China National Building Material Group (CNBM), the biggest cement maker in the country, is taking advantage of business opportunities presented by the "Belt and Road" initiative, which spurred infrastructure boom in the region, Song Zhiping, the company chairman, said in a Bloomberg Television interview in Zhuzhou, Hunan Province.
"If you want to get rich, build a road first," Song said. "If you want to build a road, you need cement."
Song made the remarks as Beijing is set to host the Belt and Road Forum on International Cooperation starting Sunday, May 7. The summit is expected to strengthen China's vision to revive the ancient Silk Road, the trade route that links China with the Asia and Europe.
According to the official State Information Center think tank, about 16 percent of the global economy and about one-fifth of global trade last year could be attributed to countries along the Silk Road trade route.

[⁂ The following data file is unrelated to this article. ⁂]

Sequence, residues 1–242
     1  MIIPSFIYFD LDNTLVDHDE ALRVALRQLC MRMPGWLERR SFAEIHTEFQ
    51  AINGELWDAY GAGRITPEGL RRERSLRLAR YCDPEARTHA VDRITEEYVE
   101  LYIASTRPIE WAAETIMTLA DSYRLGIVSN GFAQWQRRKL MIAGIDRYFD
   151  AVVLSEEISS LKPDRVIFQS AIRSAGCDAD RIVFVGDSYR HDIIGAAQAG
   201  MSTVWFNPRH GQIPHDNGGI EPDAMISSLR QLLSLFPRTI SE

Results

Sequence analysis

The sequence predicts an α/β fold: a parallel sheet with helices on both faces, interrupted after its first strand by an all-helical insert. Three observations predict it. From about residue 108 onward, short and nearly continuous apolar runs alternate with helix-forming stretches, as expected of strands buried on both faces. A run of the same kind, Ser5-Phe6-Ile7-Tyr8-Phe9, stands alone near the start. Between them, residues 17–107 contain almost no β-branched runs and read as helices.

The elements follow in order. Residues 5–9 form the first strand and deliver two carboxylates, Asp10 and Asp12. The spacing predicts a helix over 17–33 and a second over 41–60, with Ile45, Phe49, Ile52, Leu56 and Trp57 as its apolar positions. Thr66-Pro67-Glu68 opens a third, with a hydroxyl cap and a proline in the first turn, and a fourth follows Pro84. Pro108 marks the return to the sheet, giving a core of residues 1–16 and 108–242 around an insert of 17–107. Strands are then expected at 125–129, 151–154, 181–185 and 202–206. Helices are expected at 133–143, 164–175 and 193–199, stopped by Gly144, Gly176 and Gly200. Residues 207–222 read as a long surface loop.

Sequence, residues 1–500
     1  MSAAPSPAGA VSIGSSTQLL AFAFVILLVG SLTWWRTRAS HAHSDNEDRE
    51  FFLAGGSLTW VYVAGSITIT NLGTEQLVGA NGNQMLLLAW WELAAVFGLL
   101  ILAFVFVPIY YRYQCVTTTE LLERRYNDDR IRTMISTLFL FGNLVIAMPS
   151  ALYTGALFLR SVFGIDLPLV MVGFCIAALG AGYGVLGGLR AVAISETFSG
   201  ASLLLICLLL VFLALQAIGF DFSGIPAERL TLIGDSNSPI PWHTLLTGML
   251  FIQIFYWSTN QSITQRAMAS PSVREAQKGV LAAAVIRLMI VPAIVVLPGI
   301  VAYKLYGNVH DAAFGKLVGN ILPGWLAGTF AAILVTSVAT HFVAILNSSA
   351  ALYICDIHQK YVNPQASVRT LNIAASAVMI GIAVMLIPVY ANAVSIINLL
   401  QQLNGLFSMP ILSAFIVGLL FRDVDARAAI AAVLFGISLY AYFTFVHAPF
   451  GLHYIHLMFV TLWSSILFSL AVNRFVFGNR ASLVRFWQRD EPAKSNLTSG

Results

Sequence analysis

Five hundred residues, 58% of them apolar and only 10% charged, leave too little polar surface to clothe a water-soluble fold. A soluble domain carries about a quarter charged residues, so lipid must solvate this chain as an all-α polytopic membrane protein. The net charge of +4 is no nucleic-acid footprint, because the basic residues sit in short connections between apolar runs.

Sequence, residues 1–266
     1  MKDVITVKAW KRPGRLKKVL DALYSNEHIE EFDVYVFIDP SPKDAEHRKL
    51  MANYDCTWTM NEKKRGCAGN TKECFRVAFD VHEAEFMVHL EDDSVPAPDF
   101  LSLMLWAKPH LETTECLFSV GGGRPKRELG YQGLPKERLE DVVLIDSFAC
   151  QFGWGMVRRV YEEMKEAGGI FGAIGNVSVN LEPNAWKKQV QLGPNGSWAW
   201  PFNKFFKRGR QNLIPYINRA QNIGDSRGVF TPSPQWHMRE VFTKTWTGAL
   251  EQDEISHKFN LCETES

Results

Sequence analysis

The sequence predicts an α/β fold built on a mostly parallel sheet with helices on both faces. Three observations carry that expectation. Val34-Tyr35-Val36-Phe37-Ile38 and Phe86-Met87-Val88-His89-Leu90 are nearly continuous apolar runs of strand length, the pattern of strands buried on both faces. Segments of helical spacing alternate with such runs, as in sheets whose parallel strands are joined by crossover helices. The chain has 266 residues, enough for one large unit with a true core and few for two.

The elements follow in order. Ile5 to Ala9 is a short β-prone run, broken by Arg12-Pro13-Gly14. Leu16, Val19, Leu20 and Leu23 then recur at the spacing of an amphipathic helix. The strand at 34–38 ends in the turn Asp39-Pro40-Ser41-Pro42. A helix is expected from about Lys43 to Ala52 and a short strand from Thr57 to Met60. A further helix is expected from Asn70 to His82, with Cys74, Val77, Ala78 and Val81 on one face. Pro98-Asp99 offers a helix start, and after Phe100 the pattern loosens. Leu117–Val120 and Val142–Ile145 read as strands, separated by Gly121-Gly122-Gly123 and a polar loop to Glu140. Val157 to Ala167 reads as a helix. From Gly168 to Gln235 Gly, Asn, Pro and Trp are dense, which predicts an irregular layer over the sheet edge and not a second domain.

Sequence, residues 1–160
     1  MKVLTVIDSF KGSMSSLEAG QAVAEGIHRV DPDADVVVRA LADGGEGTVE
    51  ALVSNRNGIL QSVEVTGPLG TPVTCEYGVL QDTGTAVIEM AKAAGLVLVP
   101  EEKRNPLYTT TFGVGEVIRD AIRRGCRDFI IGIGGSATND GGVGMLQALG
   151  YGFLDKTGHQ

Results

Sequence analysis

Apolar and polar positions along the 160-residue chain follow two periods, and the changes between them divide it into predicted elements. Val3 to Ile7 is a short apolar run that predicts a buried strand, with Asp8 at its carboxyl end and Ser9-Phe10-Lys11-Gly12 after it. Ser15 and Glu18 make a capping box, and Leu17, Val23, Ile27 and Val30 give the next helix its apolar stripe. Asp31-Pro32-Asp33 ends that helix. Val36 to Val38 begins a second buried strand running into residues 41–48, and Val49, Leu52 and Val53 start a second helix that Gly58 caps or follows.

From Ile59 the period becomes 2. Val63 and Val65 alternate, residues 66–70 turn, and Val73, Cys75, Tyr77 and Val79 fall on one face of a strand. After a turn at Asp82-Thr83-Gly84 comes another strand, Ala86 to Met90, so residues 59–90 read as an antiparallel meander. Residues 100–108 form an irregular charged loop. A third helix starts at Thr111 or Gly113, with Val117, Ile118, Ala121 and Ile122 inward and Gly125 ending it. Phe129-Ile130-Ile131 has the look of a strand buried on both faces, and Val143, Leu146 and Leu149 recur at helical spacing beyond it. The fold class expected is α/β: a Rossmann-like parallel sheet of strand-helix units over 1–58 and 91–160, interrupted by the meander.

In the past 10 years, about 312 large production lines were built by the China cement giant in countries along the path of the Belt and Road initiative.
Song said that they will continue to look for opportunities, with plans to expand the firm's reach through acquisitions and takeovers.
Last year, China reorganized its state-owned enterprises, resulting in the merger of CNBM with China National Materials Group Corp., also known as Sinoma.
Bloomberg said that the merger had also resulted in the combined cement capacity of about 516 million tons, which accounts for as much as 19 percent of the national total, with capacity distributed across the country.
Cement prices are expected to stabilize in the country as China continues with overcapacity reduction in industries that involve coal, cement and steel, according to Song.
Amid an oversupply, cement prices dropped to record lows in the past two years. The prices only started to pick up in the fourth quarter as China implemented shutdowns in off-peak production, the report said.
According to Song, the company will start to get rid of old and useless production facilities. He also urged the industry to continue to reduce overcapacity in the long run.